Thursday, August 26, 2010

Reflections of Fidel Castro: The Nuclear Winter

Havana August 24, 2010

Reflections of Fidel: The Nuclear Winter

(Taken from CubaDebate)

I feel embarrassed to be unaware of the subject, one that I have not
even heard mentioned before. On the contrary, I would have understood much earlier that the risks of a nuclear war were far more serious than I imagined.

I assumed that the planet would be able to withstand the explosion of hundreds of nuclear bombs calculating that, in both the United States and the USSR, countless tests have been carried out over the years. I had not taken into account a very simple reality: it is not the same thing to explode 500 nuclear bombs over 1,000 days as it is to do the same thing in one day.

I was able to learn more about it when I requested information from
several experts on the subject. One can imagine my surprise when I
learned that we do not need a nuclear world war for our species to

A nuclear conflict between the two weakest nuclear powers would be
sufficient, such as India and Pakistan – who nevertheless possess far
more than 100 weapons of this kind – and the human race would

I will think carefully about the elements of judgment given to me by
our experts on the subject, taken from what has been presented by the
most eminent scientists in the world.

There are things that Obama knows perfectly well:

"…a nuclear war between the U.S. and the Soviet Union would produce a ‘nuclear winter."

"The international debate regarding that prediction, led by astronomer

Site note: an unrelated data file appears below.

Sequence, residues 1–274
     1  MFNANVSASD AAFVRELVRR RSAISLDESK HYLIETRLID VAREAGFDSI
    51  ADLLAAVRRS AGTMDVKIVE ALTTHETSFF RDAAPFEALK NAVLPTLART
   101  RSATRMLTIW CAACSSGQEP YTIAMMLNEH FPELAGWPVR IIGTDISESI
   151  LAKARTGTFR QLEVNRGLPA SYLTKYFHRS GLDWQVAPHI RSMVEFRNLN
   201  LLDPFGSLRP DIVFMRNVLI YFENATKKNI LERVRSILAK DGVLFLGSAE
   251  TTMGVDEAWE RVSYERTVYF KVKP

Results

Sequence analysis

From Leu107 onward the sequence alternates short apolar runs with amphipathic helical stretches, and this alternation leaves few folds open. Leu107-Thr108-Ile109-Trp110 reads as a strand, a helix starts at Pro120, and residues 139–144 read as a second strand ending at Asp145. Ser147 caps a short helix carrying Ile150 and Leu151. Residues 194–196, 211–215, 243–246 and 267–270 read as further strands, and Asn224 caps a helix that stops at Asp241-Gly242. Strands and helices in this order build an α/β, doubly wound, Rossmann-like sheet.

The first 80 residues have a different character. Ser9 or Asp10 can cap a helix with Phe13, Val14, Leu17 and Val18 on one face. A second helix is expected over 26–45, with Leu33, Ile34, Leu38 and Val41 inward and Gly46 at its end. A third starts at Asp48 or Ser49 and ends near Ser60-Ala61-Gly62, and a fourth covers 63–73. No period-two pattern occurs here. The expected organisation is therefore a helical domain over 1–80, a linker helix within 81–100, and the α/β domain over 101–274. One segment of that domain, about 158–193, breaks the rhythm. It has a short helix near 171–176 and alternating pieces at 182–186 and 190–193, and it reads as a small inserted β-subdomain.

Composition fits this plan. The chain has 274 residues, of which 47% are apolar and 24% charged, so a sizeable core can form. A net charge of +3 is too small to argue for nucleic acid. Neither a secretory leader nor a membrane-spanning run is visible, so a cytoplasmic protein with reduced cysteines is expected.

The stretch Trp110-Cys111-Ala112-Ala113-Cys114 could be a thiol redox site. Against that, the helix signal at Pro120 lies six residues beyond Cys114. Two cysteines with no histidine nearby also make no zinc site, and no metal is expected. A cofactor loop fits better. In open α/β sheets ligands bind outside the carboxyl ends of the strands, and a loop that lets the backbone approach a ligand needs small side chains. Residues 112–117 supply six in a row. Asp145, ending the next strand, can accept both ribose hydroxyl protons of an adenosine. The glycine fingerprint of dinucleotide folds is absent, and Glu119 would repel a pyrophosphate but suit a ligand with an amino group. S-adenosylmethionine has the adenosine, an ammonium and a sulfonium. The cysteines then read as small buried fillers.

Carl Sagan, forced the leaders of the two superpowers to face up to
the possibility that their arms race had not only placed themselves at
risk but also the entire human race."

"…‘models drawn up by Russian and U.S. scientists showed that a
nuclear war would result in a nuclear winter which would be
tremendously destructive for life on Earth; knowing this, for us, for
people with morals and honor, signified a tremendous incentive…’

"…regional nuclear wars could unleash a similar global catastrophe.
New analyses reveal that a conflict between India and Pakistan in
which 100 bombs – just 0.4% of the 25,000-plus warheads in the world –could be dropped on cities and industrial areas would generate enough fallout to destroy the world’s agriculture. A regional war could
result in the loss of lives even in countries far removed from the

"With modern computers and new climatic models, our team has
demonstrated that not only were the ideas of the 1980s correct, but
that the effects would last for at least 10 years, far longer than was
previously believed […] the fallout from a regional war would be
heated by the sun and would rise and remain suspended in the upper
atmosphere for years, masking the sunlight and cooling off the Earth."

"India and Pakistan, which – between the two of them – possess more
than 100 nuclear warheads…"

"Some people believe that the theory of nuclear winter developed
during the 1980s has fallen into disrepute. Perhaps that is why they
may be surprised by our assertion that a regional nuclear war between
India and Pakistan, for example, could devastate agriculture across
the entire planet.

"The original theory was thoroughly validated. Its scientific base was
supported by research undertaken by the National Academy of Sciences, studies sponsored by the U.S. Armed Forces and the International Council for Science (ICSU), which included representatives from 24 national science academies and other scientific bodies."

"Perhaps the cooling off does not appear to be something of particular
concern. But it is worth knowing that a slight drop in temperature
could lead to serious consequences."

"The total amount of grains being stored on the planet today could
feed the world population for a couple of months (see ‘Could Food
Shortages Bring Down Civilization?’ by Lester R. Brown; INVESTIGACIÓN Y CIENCIA, July 2009)."

"Sometimes the smoke from major forest fires penetrates the